Training – Course Descriptions

All Hazards Emergency Planning:
This course is designed for emergency management personnel who are involved in developing an effective emergency planning system. This course offers training in the fundamentals of the emergency planning process, including the rationale behind planning. Emphasis will be placed on hazard/risk analysis and planning team development. Other topics, such as Continuity of Operations (COOP), NIMS compliance, and contingency planning for areas such as Special Needs or Animal Sheltering are discussed. The Emergency Support Functions and other changes made by the National Response Plan and the State CEMP are discussed also. This is a two-day course. A final exam will be given at the end of the course for a FEMA Independent Study certificate.

Basic Public Information Officer:
This three-day course is intended for the new or less experienced public information officer or PIO. Its emphasis is on the basic skills and knowledge needed for emergency management public information activities. Topics include the role of the PIO in emergency management, developing and conducting public awareness campaigns, news release writing, public speaking and television interviews.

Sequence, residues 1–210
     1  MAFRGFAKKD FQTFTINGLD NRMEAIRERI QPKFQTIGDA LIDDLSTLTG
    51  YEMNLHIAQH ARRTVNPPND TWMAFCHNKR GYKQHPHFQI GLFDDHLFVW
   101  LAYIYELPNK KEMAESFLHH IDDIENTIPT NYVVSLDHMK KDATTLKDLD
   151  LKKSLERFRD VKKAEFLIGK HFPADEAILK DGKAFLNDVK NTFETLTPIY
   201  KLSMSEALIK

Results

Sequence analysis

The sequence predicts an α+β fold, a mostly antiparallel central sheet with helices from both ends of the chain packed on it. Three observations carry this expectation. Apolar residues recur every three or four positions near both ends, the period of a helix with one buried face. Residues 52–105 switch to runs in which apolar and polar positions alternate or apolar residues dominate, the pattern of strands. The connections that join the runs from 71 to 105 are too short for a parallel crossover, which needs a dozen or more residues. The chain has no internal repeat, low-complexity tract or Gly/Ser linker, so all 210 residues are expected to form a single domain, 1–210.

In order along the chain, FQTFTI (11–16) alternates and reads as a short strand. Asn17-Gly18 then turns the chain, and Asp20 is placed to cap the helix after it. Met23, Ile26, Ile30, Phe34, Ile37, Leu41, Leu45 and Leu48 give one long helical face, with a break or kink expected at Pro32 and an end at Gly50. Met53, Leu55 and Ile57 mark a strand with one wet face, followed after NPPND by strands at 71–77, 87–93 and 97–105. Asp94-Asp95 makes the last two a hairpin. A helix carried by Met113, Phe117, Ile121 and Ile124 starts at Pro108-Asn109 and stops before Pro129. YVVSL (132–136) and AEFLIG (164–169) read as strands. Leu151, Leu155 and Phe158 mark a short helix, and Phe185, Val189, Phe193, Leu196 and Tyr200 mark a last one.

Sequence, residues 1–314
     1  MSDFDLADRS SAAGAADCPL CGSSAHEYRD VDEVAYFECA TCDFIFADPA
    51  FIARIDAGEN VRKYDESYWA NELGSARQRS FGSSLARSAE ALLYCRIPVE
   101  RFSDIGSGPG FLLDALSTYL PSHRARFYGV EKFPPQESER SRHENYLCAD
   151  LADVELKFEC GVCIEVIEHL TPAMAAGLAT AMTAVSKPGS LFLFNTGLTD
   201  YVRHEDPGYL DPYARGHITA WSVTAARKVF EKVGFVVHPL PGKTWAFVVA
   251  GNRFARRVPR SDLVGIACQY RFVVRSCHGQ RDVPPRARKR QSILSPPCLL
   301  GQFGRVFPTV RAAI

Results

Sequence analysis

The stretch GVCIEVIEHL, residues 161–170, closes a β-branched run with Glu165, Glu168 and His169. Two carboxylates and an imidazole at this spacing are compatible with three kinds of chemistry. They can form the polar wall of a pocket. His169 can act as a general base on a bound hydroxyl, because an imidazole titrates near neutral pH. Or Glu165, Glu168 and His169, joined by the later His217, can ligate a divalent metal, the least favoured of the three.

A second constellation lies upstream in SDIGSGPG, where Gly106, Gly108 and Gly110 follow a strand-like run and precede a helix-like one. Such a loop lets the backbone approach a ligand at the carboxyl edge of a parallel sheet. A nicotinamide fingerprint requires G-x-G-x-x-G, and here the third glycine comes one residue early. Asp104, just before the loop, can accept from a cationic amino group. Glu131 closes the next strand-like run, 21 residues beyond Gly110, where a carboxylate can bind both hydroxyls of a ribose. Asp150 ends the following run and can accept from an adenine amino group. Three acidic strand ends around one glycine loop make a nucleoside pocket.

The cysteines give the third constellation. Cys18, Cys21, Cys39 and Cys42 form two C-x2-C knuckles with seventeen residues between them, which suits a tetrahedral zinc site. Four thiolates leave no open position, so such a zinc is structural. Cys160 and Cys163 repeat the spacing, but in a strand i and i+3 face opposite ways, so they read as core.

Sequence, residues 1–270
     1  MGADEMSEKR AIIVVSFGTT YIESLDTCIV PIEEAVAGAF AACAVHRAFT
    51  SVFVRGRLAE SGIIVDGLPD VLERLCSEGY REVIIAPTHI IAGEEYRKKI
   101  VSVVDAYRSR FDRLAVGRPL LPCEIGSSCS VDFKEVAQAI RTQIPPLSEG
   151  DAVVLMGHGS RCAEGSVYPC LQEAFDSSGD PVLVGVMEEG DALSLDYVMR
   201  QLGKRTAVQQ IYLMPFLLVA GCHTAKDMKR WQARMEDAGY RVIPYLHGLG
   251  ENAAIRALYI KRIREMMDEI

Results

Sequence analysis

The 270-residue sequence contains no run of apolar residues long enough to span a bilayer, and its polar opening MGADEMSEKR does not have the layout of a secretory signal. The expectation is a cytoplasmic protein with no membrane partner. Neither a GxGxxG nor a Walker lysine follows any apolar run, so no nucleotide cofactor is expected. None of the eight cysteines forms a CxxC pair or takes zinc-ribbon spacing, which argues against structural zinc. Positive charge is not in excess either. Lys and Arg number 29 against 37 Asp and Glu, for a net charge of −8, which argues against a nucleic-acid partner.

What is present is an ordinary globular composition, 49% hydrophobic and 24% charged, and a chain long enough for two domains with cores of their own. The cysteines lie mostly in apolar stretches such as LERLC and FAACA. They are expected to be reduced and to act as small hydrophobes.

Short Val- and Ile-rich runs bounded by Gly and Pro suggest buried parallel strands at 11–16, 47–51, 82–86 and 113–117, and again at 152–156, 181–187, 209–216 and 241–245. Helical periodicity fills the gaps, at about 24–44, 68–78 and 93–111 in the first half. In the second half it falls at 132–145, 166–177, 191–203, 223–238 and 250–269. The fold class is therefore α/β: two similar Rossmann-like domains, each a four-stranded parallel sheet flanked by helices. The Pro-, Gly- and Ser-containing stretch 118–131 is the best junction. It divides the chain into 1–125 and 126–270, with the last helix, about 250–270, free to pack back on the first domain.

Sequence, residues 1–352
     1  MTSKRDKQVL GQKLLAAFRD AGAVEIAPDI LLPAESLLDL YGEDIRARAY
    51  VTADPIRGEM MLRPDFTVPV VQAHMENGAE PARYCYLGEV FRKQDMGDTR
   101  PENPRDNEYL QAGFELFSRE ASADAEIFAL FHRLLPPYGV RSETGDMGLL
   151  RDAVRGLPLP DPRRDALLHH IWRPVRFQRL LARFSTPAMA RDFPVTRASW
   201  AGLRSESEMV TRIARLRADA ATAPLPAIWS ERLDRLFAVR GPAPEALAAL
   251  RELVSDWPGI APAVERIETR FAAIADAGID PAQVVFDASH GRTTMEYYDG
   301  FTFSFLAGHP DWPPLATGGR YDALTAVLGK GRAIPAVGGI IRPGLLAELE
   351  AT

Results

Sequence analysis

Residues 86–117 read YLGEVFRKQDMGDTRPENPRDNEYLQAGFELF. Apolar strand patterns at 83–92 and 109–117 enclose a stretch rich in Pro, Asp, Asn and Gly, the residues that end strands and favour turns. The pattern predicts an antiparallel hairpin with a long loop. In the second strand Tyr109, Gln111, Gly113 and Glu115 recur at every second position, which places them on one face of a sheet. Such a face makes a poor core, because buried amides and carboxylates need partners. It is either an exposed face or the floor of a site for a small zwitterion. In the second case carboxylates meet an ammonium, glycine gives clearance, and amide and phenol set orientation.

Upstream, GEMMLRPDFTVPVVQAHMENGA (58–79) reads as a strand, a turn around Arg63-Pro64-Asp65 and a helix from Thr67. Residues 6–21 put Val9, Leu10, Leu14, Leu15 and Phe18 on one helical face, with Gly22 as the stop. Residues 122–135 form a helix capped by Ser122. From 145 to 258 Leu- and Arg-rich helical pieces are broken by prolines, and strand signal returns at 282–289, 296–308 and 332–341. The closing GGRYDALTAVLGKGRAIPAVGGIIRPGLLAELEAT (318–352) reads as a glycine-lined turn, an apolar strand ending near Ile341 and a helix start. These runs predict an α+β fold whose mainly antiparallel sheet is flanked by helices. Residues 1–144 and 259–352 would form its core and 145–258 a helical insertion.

Decision Making and Problem Solving:
Being able to make decision and solve problems effectively is a necessary and vital part of the job for every emergency manager, planner, and responder. This course is designed to improve your decision-making skills. It addresses: the decision-making process, decision-making styles, attributes of an effective decision maker, and ethical decision-making and problem solving. This course is presented as a one-day course. A final exam for Independent Study Course credit will be given at the end of the course.

Developing and Managing Volunteers:
This course is for emergency managers and related professionals working with all types of volunteers and coordinating with voluntary agencies. The course provides procedures and tools for building and working with voluntary organizations. Topics include: Benefits and challenges of using volunteers; building a volunteer program; writing job descriptions; developing volunteers through recruitment, placement, training, supervision, and evaluation; coordinating with voluntary agencies and community-based organizations, and special issues including spontaneous volunteers, liability, and stress. This is a one and a half day course. A final exam for Independent Study Course credit will be given at the end of the course.

Disaster 101:
This is a four-hour workshop designed to give emergency management personnel an overview of NIMS and compliance, the Emergency Management Law, disaster response and recovery. This workshop is presented on a regional and/or county basis.